3.08.2016

Silent von Sternberg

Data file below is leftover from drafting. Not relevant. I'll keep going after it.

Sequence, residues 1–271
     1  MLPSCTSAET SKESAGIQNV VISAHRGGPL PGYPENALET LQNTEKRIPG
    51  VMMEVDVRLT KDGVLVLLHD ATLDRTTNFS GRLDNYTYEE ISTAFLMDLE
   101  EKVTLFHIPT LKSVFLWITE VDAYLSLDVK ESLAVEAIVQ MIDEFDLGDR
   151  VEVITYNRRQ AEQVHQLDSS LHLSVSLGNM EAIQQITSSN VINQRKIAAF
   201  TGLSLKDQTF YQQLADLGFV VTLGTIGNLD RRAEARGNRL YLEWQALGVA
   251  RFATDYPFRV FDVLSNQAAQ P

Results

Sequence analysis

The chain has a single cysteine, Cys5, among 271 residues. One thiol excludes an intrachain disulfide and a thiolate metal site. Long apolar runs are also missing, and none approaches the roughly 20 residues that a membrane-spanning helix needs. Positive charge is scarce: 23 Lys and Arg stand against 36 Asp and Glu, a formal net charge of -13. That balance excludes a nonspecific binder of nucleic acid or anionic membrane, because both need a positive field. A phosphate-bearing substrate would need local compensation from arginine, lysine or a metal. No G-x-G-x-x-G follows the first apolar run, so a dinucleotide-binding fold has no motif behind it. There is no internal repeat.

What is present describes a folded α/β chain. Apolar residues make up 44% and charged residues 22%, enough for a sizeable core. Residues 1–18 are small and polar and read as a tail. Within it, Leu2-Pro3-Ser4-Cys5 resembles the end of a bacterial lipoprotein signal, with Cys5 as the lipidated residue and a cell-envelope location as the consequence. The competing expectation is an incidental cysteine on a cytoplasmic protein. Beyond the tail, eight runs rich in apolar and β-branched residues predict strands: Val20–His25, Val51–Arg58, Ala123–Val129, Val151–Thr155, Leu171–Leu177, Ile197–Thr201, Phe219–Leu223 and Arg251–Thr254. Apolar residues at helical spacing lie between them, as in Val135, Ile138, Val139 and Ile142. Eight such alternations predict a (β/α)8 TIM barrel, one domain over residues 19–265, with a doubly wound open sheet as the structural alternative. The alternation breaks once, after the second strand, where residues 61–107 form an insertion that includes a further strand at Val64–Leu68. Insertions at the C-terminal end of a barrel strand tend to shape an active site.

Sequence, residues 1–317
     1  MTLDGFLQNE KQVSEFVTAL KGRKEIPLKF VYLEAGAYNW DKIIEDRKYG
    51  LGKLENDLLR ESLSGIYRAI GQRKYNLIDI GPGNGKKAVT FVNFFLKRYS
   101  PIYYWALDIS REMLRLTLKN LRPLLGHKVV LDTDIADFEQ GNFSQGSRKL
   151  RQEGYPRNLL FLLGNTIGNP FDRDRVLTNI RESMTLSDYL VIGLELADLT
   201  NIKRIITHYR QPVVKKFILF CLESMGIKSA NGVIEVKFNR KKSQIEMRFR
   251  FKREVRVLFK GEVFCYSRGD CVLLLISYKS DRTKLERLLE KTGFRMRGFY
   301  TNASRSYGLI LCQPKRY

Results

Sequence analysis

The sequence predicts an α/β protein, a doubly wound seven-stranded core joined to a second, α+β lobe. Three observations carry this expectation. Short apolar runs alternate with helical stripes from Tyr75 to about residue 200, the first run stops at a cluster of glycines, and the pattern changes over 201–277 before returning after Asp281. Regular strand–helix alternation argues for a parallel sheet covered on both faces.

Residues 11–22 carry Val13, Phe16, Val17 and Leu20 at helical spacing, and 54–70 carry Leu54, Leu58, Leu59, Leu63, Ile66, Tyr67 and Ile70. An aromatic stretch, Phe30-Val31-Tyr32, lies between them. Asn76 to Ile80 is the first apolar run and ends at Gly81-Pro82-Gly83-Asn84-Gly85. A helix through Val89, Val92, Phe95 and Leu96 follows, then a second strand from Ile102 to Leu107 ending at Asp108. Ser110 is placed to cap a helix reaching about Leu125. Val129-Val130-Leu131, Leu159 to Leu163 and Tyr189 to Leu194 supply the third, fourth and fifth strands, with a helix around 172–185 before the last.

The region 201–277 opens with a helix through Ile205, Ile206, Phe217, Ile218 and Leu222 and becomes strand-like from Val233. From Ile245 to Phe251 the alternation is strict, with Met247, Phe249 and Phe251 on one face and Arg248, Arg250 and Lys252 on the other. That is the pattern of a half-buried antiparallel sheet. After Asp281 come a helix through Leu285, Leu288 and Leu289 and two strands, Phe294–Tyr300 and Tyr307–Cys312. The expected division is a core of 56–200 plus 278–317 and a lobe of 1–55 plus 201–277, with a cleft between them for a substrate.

I’ve never been much of a Josef von Sternberg fan; with the exception of The Scarlet Empress, his films have always struck me as stiff, dull, and talky, in spite of his masterful command of mise en scene.  Talkiness isn’t a problem from which The Docks of New York (1928) suffers: the silent film may lack the visual flair of his later films, but there’s also no clunky dialogue to have to cut through.  Running a tight seventy-five minutes and set over a period of roughly 24 hours (during which time Our Hero, a stoker on a steamship, saves the life of a prostitute while on shore leave, marries her, abandons her, and returns to her), it’s economical and lean, and, for better or worse, has none of the baroque weirdness of, say, The Shanghai Gesture.  My favorite moment occurs when George Bancroft insists that Betty Compson check out his muscular, tattooed forearm—which she does, with a certain reluctant curiosity.


 

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